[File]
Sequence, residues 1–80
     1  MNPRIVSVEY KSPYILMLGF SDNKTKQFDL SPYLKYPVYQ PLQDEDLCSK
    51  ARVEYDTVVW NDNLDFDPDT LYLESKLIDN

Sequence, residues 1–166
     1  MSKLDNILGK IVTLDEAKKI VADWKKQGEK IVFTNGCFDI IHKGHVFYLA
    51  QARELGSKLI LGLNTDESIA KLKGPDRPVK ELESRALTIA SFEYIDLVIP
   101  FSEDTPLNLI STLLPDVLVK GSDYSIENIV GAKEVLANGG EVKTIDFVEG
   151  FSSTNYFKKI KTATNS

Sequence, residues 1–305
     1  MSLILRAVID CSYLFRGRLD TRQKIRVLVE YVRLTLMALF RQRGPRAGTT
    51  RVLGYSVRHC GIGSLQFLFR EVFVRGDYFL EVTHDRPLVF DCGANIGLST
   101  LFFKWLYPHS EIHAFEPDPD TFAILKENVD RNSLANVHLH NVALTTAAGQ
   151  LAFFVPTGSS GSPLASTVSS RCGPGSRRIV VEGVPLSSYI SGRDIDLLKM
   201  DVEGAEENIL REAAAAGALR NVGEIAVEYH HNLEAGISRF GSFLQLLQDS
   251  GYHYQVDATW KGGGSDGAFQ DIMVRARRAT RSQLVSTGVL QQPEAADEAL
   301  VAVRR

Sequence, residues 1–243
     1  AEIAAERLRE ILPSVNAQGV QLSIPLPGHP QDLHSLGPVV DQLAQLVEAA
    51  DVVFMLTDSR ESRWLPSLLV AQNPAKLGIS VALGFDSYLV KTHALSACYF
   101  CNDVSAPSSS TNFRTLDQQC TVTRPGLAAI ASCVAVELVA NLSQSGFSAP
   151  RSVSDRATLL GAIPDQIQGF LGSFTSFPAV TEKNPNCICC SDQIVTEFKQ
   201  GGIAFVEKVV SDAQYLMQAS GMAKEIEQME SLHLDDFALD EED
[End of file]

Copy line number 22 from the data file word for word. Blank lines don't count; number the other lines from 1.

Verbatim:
   201  GGIAFVEKVV SDAQYLMQAS GMAKEIEQME SLHLDDFALD EED